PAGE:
7. Keep short-term savings somewhere easily accessible

Like your emergency fund, which you may need to access at a moment’s notice, store your short-term investments somewhere easily accessible and not subject to market fluctuations.

While they won’t earn as much as money you put into equities, high-yield savings accounts, CDs and money market accounts are great options.

“If you need the money available in a couple years, then it shouldn’t be invested in the stock market,” Menke says. “It should be invested in those more secure vehicles like a CD or money market where, yes, you might be giving up some potential growth, but it’s more important to have the return of your money instead of a return on your money.”

Ready to get started?

Begin your investment journey by thinking through what your short-term, intermediate and long-term goals are, and then find the accounts that best fit those needs.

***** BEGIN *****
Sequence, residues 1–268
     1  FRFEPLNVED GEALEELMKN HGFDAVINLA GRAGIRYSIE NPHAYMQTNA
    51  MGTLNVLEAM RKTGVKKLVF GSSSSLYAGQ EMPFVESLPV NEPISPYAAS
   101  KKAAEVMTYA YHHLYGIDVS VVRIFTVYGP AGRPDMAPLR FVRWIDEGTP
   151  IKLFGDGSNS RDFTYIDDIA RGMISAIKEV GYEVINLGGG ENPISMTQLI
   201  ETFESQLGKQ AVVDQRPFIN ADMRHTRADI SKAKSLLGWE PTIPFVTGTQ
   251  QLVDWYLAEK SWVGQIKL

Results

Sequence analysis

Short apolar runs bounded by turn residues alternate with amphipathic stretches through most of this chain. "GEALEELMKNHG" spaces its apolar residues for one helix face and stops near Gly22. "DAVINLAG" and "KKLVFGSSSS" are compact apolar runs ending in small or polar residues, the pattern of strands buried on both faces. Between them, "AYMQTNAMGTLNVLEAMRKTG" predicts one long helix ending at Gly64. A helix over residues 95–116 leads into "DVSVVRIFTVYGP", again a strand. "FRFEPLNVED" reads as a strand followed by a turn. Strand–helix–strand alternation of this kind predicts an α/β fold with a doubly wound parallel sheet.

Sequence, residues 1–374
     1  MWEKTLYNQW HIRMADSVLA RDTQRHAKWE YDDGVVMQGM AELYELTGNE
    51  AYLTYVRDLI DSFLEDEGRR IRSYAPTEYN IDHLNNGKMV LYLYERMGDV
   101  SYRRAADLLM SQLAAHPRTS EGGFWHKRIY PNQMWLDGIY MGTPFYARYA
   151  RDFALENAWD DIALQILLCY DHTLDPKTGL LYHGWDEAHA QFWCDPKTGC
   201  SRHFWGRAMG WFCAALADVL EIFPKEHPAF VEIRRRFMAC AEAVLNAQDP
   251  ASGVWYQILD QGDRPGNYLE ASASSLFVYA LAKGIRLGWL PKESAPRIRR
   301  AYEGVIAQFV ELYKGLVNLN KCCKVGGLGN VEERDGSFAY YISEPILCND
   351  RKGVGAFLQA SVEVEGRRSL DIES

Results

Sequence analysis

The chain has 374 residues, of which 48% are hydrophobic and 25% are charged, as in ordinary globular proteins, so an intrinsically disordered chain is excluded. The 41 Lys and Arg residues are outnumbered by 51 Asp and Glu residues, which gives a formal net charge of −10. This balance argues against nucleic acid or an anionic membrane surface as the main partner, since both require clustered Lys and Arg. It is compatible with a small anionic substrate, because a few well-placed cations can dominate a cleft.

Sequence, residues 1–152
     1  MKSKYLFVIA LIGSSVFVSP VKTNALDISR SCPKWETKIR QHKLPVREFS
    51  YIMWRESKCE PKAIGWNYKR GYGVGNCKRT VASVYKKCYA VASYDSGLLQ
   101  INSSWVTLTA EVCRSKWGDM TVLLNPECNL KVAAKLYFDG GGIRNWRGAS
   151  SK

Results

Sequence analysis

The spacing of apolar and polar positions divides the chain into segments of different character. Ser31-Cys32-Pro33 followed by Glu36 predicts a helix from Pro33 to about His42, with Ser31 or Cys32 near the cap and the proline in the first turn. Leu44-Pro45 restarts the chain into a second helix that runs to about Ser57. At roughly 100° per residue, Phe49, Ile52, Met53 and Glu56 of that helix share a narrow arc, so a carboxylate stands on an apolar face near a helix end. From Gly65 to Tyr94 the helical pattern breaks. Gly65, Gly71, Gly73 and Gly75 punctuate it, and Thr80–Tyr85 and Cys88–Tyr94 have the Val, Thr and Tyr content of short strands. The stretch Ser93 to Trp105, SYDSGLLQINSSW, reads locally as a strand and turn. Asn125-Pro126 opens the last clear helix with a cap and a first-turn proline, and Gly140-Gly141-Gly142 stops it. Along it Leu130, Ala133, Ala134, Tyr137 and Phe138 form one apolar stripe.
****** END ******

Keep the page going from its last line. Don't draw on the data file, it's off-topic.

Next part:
Your plans will likely change over time, but getting started with at least a retirement account is one of the most important things you can do for yourself in your 20s.

Not only will you ensure your money keeps up with inflation, but you’ll also reap the benefits of decades’ worth of compound interest on your contributions.

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Editorial Disclaimer: All investors are advised to conduct their own independent research into investment strategies before making an investment decision. In addition, investors are advised that past investment product performance is no guarantee of future price appreciation.

Written by
Kendall Little
Kendall Little is a personal finance writer who previously covered credit card news and advice at Bankrate. Kendall currently is a staff writer for NextAdvisor. She is originally from metro Atlanta and holds bachelor’s degrees from the University of Georgia in both journalism and film studies. Before joining Bankrate in August 2018, Kendall worked in digital communications throughout various industries, including education, health care and television.
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Senior wealth editor